Commenters are wondering whether President Donald Trump’s U.S. Department of Health and Human Services will now wake up a major lawsuit against the Affordable Care Act public exchange program.
The question is whether HHS will decide to keep the suit, U.S. House of Representatives v. Tom Price, in suspended animation, or let it move forward.
The House originally filed the suit in the district court for the District of Columbia, against Sylvia Burwell, former President Barack Obama’s HHS secretary, in 2014. House Republicans questioned whether Obama’s administration had a valid congressional appropriation to pay ACA cost-sharing reduction program subsidies.
The cost-sharing reduction subsidy helps users of eligible exchange plans who have income under 250 percent of the federal poverty level pay the insurance plan deductibles, coinsurance amounts and co-payments. House Republicans acknowledged that the ACA gave HHS the authority to fund the ACA premium tax credit subsidy, but they said the ACA lacked any permanent funding source for the cost-sharing reduction subsidy program. The Obama administration argued that the ACA funding provision for the premium tax credit program also applied to the cost-sharing reduction subsidy program.
A district court judge sided with the House.
The Obama administration’s HHS appealed to the U.S. Court of Appeals for the District of Columbia in July. After Trump became president, the House and HHS agreed to freeze action on the case, to give Congress a chance to act.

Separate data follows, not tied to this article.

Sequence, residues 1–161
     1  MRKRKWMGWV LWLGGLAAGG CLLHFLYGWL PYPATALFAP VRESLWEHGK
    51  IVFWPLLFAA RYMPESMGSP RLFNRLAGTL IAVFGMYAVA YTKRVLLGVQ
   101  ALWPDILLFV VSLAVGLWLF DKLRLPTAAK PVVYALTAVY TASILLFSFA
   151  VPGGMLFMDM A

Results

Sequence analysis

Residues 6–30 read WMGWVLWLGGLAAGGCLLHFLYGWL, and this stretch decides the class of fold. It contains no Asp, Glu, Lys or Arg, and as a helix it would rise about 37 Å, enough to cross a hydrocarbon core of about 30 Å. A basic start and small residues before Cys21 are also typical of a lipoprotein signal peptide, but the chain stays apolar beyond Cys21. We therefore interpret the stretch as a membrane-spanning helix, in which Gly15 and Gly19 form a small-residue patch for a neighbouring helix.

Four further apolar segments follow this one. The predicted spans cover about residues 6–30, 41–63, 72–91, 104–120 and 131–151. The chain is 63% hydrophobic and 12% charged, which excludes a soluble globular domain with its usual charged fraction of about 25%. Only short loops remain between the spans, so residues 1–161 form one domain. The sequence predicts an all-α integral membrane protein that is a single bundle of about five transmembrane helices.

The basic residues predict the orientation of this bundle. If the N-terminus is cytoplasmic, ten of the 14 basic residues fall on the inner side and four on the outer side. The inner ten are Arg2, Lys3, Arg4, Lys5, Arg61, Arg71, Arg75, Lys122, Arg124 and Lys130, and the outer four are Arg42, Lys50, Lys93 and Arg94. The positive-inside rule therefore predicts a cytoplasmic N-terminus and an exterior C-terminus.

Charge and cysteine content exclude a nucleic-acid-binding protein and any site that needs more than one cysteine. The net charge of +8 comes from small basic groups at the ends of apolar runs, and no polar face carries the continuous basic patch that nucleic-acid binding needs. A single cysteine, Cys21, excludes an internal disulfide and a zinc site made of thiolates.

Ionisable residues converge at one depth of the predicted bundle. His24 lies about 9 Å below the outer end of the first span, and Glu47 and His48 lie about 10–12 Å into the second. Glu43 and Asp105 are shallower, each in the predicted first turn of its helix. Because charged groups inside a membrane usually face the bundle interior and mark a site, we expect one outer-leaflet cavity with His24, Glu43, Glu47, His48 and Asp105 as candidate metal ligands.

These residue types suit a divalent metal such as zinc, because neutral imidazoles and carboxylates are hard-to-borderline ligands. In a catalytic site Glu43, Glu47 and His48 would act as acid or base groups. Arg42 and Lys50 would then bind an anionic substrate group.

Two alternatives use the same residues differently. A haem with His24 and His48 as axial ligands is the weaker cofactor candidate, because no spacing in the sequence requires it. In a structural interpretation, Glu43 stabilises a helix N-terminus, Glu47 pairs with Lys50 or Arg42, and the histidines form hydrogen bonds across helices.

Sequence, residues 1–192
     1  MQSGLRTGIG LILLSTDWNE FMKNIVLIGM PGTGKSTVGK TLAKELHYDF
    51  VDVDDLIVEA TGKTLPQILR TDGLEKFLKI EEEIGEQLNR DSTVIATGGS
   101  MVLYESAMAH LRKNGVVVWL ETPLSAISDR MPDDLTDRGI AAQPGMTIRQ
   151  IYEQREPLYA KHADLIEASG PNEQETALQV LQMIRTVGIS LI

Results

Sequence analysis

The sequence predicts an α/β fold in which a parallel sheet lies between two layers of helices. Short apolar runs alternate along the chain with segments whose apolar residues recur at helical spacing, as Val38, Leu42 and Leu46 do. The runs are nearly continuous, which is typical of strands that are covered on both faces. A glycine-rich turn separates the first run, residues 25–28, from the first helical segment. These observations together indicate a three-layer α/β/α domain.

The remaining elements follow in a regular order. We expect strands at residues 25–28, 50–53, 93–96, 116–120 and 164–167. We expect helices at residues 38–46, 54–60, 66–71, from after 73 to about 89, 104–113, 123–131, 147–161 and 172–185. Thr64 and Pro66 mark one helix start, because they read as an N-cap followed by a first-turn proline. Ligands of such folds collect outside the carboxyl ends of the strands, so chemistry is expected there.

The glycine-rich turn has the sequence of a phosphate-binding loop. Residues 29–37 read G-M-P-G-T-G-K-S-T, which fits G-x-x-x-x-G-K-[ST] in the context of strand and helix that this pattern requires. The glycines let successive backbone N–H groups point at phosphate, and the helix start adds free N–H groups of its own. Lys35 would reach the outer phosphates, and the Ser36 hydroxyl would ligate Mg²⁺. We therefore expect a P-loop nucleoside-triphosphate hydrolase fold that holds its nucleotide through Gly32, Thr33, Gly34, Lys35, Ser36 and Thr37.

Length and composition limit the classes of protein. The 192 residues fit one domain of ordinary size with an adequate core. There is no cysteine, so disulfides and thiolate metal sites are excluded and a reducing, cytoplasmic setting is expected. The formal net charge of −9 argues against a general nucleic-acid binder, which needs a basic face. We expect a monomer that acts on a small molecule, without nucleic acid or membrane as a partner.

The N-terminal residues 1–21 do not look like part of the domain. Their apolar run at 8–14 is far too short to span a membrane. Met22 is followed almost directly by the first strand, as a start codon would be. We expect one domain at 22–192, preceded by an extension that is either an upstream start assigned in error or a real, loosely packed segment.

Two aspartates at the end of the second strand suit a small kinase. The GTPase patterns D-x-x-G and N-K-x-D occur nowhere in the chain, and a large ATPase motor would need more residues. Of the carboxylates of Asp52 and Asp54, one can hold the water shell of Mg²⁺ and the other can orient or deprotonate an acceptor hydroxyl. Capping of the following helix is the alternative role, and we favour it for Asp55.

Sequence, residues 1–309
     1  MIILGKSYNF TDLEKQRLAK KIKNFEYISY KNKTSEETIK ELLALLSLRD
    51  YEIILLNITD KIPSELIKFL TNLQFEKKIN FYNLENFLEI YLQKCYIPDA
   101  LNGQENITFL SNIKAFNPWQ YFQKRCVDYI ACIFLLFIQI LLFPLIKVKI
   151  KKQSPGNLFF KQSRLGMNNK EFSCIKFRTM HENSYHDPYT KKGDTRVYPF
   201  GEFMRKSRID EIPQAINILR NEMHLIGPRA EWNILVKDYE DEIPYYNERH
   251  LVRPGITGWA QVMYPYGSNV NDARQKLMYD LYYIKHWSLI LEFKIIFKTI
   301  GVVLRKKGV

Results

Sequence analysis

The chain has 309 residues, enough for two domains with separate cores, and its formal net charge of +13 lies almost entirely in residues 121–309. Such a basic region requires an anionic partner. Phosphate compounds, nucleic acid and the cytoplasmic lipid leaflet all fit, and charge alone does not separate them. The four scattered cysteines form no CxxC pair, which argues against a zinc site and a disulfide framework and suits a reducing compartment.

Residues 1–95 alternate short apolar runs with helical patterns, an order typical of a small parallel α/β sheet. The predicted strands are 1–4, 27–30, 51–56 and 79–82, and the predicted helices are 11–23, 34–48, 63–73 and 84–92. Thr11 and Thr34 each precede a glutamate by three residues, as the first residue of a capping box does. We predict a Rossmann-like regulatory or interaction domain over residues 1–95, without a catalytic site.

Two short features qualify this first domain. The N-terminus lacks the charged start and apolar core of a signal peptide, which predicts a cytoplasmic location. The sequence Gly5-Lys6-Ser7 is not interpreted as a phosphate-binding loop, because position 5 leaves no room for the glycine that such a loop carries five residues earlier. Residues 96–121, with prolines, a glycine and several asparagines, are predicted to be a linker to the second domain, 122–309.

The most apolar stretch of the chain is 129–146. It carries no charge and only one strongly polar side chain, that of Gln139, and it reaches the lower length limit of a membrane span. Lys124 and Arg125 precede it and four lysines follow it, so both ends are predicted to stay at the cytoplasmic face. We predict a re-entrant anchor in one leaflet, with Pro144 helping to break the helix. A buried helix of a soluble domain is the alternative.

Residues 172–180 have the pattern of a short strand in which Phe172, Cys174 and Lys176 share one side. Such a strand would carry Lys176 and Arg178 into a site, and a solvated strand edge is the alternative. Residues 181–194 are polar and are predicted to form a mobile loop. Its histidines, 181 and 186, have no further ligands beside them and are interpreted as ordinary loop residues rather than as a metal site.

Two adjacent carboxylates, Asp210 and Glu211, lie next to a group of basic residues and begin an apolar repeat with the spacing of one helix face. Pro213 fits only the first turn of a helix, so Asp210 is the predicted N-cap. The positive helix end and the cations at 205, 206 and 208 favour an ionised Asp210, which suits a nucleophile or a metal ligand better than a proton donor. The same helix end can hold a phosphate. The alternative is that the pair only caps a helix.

In February, the House and HHS agreed to a court order that calls for the parties to give the court quarterly updates on the situation starting May 22.
Now that the effort to pass H.R. 1628, the American Health Care Act bill has stalled, “it is unclear whether the administration will… continue to delay the pending litigation,” the employee benefits arm of Wells Fargo says in a compliance alert sent to its group benefits clients.
CNBC, Forbes and the Wall Street Journal have also reported on the possibility that HHS could wake up House v. Price.
Up till now, Trump’s HHS has seemed to take the job of running the ACA exchange system seriously.
The Trump administration made a well-publicized move to pull some HealthCare.gov advertising that was supposed to go up at the end of the open enrollment period for 2017.
But the Trump administration’s Centers for Medicare & Medicaid Services, an arm of HHS, continued to report exchange enrollment results in the same format the Obama administration used. CMS is still offering regular support conference calls for the insurers and other entities that make the exchange system work.
The agency has also been trying to prepare for the possibility that the current ACA rules could stay in place, by proposing market stabilization regulations for 2018, including new enrollment rules.
Today, CMS emailed issuers a link to a 40-page slidedeck giving them advice about how to submit good cost-sharing reduction program reconciliation reports, or reports that help eliminate the gap between what CMS sent them while plan years were under way and what the issuers should have received.
The AHCA bill itself would have killed the ACA cost-sharing reduction subsidy program, but included a $100 billion market stabilization fund. States could have used the grants to help commercial health insurance users pay their premiums or out-of-pocket expenses, according to the AHCA text.
Analysts at Milliman say cost-sharing reduction program payments alone accounted for $13.4 billion of the $206 billion in individual major medical revenue U.S. insurers collected from 2014 through 2016, or about 7 percent of revenue over that three-year period.
Issuers of individual coverage also received $70 billion in ACA premium tax credit subsidy money over that period, and about $16 billion in ACA reinsurance support, according to Milliman.
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